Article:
- Obtaining the hardware and software tools is the easy part to this question. The harder side of this question can be a sensitive topic because it can be quite different depending on the employee.
Given all the other priorities caused by COVID-19, it may be impossible to get time with key decision-makers. A top three requirement for any software implementation is to have the buy-off and support of the C-suite, so if you are finding it difficult to get the attention of the leadership team to walk through the topics in this section, you need to strongly consider putting a pause on the project.
Dependencies & Contingencies Associated with the TMS Project
With the importance and resource questions behind us, let’s finish up with possible dependencies and contingent requirements associated with a TMS system implementation that need to be addressed.
- Is your current system being sunsetted or no longer supported?
- Does your company have a new customer that cannot be supported with the current TMS?
- Are there others systems coming online that require the functionality the new TMS alone can support?
- Under this same question, would it be more costly and risk the success of the other system if a new TMS was not brought into the company?
- Here is a twist. Are you aligned with a TMS that can support you in the COVID-19 times?
- Will this delay your critical TMS implementation?
- Software vendors are in the same situation as the rest of the market in that they too could have lost sales that cause them to lay off some of their team or not be able to perform at top levels while in a remote work environment.
- If you delay the project, when would your TMS vendor and implementation team be able to get back into the queue?
- It is a very real possibility that others may jump ahead of you, while you put your project in an indefinite holding pattern.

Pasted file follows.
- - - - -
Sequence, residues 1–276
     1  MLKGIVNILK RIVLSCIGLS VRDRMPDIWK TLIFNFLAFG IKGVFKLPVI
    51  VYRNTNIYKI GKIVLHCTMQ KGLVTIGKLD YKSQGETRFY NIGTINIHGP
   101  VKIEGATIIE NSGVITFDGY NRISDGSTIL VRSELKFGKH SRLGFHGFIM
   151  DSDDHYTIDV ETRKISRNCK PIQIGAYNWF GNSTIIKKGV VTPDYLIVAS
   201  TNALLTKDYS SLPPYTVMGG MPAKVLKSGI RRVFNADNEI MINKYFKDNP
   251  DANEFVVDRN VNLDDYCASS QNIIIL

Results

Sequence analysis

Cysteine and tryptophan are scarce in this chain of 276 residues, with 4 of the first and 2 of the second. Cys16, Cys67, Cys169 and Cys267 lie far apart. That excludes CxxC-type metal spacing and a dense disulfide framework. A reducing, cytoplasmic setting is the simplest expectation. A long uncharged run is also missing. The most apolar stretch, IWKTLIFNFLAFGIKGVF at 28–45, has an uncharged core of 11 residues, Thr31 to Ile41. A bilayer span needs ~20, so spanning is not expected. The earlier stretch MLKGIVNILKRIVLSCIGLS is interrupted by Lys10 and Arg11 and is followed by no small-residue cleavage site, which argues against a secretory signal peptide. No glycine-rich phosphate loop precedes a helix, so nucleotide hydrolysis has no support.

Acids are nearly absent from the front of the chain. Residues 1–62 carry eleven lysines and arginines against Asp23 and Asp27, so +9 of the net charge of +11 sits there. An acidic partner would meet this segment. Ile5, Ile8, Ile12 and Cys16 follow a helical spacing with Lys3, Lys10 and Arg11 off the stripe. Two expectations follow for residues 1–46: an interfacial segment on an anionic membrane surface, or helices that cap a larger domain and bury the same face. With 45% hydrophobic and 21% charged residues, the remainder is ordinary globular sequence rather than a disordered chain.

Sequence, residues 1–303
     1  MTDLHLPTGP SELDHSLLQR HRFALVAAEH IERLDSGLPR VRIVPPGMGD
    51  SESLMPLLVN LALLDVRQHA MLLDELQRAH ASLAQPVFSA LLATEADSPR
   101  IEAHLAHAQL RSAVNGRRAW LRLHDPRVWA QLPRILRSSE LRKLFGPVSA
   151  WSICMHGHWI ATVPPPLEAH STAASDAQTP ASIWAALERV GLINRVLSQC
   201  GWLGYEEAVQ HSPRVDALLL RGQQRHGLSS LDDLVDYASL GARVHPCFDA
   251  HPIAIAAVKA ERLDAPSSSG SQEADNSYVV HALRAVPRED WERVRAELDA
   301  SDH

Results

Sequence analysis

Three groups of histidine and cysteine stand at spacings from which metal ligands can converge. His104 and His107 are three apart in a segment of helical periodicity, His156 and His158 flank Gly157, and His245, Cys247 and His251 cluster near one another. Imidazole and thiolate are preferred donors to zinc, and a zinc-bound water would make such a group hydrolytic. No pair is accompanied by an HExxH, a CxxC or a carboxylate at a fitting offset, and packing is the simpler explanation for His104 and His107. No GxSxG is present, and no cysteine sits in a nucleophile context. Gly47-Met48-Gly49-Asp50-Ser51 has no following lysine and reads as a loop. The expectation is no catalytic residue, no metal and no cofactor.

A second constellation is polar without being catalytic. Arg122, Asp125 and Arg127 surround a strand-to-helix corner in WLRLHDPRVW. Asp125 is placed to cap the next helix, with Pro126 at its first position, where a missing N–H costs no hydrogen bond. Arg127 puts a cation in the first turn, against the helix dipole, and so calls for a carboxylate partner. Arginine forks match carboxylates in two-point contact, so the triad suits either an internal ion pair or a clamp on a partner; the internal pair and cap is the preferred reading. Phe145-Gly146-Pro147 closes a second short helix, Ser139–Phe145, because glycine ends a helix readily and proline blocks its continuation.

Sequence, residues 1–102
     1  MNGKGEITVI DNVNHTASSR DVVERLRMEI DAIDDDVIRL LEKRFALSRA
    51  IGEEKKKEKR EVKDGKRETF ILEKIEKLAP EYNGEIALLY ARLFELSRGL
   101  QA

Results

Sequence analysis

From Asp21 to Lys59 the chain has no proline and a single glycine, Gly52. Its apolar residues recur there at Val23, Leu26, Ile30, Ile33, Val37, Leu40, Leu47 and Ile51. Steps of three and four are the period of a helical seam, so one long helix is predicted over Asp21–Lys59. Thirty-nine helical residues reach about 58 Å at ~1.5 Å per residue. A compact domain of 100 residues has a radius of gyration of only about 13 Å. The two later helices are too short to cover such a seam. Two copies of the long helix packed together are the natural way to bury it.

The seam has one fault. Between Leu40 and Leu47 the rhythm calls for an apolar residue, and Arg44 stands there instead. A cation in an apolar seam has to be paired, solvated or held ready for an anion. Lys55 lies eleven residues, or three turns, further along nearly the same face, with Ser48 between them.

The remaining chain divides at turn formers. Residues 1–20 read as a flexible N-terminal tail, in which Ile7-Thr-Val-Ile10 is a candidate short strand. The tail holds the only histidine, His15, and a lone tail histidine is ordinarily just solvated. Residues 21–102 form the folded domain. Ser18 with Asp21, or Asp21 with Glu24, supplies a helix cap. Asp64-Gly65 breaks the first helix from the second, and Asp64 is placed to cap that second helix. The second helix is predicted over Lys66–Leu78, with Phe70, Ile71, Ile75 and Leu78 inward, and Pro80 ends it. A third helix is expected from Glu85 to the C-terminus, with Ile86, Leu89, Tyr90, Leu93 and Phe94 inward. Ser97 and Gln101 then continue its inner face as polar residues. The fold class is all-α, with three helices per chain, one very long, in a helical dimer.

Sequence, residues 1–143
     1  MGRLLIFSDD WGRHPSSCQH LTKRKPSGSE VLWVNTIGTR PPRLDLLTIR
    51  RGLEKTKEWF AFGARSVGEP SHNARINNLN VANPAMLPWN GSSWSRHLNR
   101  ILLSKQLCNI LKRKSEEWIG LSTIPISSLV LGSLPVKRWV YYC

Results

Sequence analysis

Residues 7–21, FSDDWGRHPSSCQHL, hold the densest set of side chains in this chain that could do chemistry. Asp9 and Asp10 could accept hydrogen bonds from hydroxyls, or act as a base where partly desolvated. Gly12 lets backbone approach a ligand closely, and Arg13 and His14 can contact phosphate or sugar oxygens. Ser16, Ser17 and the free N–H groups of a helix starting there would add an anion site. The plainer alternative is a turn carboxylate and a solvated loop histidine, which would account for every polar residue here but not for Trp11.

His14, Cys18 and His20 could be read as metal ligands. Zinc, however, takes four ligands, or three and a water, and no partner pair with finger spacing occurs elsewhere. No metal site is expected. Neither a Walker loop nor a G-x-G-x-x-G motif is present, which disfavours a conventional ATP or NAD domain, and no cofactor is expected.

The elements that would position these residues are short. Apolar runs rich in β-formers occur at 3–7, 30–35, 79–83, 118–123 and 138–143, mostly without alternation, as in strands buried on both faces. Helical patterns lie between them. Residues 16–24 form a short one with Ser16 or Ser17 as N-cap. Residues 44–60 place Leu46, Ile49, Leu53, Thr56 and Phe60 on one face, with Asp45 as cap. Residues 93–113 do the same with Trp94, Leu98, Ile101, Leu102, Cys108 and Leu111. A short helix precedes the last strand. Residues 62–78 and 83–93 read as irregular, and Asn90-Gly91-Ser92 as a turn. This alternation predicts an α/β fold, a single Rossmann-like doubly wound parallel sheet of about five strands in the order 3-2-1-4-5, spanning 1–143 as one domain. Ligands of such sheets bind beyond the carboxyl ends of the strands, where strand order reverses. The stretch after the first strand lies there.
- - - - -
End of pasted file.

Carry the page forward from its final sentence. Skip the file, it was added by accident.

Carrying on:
Time is of the Essence
In a recent The Kiplinger Letter, specifically vol. 97, no.34, it indicated that IT spending is on track to be down 7% globally in 2020, but will then be followed by IT investment skyrocketing 20% to 30% through 2024. The areas of the most growth will be in cloud based platforms critical to customer success, business growth and remote work, which is an exact fit to a TMS platform that manages and optimizes a company’s supply chain.
The reason to add this data point to the decision process is the Kiplinger Letter is pointing to a sizable resource issue ahead, which is the ability for even the largest TMS vendors to be able to on-board all the clients that will want to be up on their system.
After being in the TMS software market for a number of years, as a certified reseller and integrator for MercuryGate, we have found the market to have its ebbs and flows on demand. The flow of market demand often caused problems on getting everyone up on the TMS platform in the time they wanted because they all seemed to be buying around the same time.
With all that said, after going through the thought process of this article and you are at a point you know you want to move forward with a new TMS, are are on the fence when to start we highly encourage you to start now. You will avoid the coming log jam and you will be in a much better position to negotiate price.
Conclusion on Deciding to Implement a TMS
All said, there is much to think about when considering to move forward or table your company’s TMS system project because even in the best of times companies have put their business in jeopardy with a poor implementation of a logistics and supply chain technology.
The questions to ask are internal and external in nature and can be hard to draw a clear conclusion with because of other contingencies your logistics and supply chain teams do not control, but understand you are not alone out there. There are many resources to help you through the process.
We’d love to be one of those resources for you, so if interested in discussing this further please do not hesitate to reach out to us.
Other TMS System Articles that May Be of Interest:
- A Complete Guide to TMS Freight Software: Market Capabilities and Solutions for Shippers
- Top 6 Cloud TMS Implementation Challenges During COVID-19
- Top 7 Remote Project Management TMS Implementation Essentials
- Best Transportation Management System (TMS) Software Packages
- Top 10 Transportation Management Software (TMS) Implementation Pitfalls to Avoid
- TMS RFP Template
- Gartner’s Magic Quadrant Analysis Key to TMS Buying Selection Process